You're Inviting Mail Theft by Doing This, USPS Says in New Warning
You might want to avoid doing one thing when sending out your holiday cards this year.
For better or worse, the U.S. Postal Service (USPS) has the essential job of making sure everything you're sending and meant to receive ends up in the right hands. And while it can sometimes feel like every walk to the mailbox only ends with a trip back to your front door with a handful of advertisements, there's still a good chance you use the carrier to get sensitive documents, personal letters, and gifts to their rightful recipients. Unfortunately, despite the agency's best efforts, it's still possible for criminals to swipe your packages before they reach their destination. Now, the USPS has issued a warning that doing one thing could be inviting mail theft. Read on to see how you can protect your post.
Mail theft is a growing concern for the USPS.
Just staying on top of their daily functions means the USPS has a lot on its plate, to say the least. But the agency has also recently warned that people need to remain mindful of mail theft as a growing threat. According to an audit report from the USPS Office of Inspector General (OIG), the USPS Inspection Service (USPIS) received nearly 300,000 reports of mail theft from March 2020 through Feb. 2021. The number represented a staggering 161 percent increase in the previous year's complaints from the same period.
"Mail theft is a growing problem. It's at epidemic proportions right now," Postal Police Officer Association President Frank Albergo told CBS affiliate WBTV in Charlotte, North Carolina, in a July interview. He added that the agency was struggling with a downsized USPS police, which is now a third of the size it was in 2019.
While it may seem like items in your mailbox would be less interesting to thieves, they can provide plenty of information needed for identity theft and have made crimes like check-washing more common. On July 25, Damien Kriebel, a postal inspector for the USPS in Tampa, Florida, told local CBS-affiliate WTSP that residents should be proactive in protecting their letters and packages from criminals by keeping up with one habit.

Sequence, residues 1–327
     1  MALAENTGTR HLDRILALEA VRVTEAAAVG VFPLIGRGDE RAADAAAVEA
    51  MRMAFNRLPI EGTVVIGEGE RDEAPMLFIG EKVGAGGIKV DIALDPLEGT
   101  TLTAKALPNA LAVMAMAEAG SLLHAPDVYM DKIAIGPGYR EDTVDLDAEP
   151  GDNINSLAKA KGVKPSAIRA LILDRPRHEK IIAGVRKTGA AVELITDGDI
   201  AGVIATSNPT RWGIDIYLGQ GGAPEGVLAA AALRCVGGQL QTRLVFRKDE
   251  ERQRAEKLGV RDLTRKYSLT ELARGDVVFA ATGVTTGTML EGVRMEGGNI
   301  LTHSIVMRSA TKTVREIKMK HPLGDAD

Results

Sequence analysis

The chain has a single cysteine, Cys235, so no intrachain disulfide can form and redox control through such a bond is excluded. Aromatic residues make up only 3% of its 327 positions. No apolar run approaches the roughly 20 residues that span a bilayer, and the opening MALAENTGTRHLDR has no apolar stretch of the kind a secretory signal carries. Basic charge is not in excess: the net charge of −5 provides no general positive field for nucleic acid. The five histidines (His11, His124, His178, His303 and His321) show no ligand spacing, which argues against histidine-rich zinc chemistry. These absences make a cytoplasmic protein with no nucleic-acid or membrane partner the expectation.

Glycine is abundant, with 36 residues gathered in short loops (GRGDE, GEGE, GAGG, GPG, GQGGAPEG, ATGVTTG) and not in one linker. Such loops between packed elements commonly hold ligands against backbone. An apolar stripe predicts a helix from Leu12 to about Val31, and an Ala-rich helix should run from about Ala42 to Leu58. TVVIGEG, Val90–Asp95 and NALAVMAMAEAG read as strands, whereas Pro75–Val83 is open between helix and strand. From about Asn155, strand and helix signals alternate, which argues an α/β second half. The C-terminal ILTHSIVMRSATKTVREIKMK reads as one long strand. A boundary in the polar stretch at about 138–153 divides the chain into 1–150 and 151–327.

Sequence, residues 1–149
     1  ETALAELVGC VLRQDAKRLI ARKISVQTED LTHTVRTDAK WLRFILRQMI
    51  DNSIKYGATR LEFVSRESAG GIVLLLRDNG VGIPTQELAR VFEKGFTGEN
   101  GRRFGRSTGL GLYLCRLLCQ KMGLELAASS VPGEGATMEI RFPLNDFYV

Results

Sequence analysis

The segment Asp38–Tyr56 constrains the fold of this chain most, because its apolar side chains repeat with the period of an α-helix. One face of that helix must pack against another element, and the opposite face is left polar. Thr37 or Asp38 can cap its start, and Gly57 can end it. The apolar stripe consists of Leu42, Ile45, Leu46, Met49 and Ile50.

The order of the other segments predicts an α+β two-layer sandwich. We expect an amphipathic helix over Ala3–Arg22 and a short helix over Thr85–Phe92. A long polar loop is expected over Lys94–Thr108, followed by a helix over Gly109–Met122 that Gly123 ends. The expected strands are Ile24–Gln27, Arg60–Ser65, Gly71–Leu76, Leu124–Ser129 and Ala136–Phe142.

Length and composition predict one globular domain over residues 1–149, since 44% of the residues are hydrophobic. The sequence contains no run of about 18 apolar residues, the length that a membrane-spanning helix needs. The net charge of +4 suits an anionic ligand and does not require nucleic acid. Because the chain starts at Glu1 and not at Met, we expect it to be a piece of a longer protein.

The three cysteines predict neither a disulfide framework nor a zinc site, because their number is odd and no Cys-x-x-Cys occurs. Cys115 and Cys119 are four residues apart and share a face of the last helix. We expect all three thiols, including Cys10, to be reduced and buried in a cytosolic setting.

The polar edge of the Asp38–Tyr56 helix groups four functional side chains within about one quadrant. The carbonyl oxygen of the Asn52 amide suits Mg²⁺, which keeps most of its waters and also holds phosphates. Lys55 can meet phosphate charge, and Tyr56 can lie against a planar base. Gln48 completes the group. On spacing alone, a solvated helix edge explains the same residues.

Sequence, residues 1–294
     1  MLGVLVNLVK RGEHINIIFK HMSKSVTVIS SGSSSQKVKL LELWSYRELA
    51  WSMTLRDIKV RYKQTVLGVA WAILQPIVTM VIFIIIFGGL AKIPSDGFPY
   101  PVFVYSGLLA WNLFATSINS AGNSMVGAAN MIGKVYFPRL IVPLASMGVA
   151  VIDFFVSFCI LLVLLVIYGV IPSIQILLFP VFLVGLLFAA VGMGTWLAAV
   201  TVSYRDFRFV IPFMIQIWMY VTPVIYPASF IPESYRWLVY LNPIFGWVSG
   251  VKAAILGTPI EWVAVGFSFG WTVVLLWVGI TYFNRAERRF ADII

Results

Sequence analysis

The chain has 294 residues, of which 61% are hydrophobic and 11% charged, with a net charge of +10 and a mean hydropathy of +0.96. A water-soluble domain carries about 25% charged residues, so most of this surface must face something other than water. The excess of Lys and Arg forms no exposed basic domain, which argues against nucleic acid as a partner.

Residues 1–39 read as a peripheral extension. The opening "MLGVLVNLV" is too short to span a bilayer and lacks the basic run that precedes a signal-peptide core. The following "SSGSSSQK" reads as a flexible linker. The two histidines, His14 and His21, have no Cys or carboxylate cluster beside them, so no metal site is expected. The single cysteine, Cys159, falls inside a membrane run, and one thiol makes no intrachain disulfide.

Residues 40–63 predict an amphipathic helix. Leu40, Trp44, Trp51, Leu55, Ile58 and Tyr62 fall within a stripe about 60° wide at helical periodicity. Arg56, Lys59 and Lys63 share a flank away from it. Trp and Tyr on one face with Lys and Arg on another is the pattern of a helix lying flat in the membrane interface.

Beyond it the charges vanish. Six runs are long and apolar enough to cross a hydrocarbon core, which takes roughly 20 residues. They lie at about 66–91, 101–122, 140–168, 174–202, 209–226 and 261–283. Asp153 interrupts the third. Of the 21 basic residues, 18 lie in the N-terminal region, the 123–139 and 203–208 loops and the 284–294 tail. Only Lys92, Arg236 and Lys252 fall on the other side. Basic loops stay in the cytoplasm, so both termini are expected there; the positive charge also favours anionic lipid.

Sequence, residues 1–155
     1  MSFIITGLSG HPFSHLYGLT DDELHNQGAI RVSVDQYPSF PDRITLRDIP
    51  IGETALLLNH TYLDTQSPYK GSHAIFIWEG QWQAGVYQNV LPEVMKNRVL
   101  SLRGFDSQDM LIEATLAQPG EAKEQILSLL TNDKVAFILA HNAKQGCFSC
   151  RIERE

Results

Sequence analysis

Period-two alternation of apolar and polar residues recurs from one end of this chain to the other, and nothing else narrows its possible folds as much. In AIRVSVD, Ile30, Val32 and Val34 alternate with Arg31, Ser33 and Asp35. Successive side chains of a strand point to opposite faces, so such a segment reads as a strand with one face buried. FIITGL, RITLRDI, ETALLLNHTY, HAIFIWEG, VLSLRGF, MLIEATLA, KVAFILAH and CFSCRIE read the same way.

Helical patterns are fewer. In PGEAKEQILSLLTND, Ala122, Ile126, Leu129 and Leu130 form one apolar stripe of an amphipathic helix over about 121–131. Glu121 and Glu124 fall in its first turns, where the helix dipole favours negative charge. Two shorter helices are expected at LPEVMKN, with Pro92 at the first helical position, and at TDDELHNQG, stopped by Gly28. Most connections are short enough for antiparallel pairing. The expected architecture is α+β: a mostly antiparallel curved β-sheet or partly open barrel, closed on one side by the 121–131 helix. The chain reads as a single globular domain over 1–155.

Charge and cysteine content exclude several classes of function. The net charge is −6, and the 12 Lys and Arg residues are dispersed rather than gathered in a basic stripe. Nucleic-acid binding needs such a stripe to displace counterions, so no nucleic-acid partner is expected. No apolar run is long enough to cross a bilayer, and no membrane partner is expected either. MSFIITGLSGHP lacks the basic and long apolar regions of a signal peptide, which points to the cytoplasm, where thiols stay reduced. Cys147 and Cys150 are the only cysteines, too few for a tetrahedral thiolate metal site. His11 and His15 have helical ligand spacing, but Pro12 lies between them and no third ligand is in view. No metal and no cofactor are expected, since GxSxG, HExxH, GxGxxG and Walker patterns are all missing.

"The key is to not leave your mail in your mailbox unattended," he told the news outlet. "You wouldn't leave your car unlocked with important documents on the front seat, and you shouldn't leave documents sitting in an unlocked mailbox either." But now, the agency is warning of an entirely new type of threat.
The USPS is warning that one habit could be inviting mail theft.
Sometimes, it can feel like a race against the clock trying to get your important mail out in time—especially if you have a hectic schedule. And while leaving your outgoing letters in your home's mailbox for pickup can be convenient, it's also potentially risky due to increased theft. But if using your closest USPS collection mailbox seems like a safer option, the USPS warns that using one at the wrong times could still put you at risk for mail theft, AL.com reports.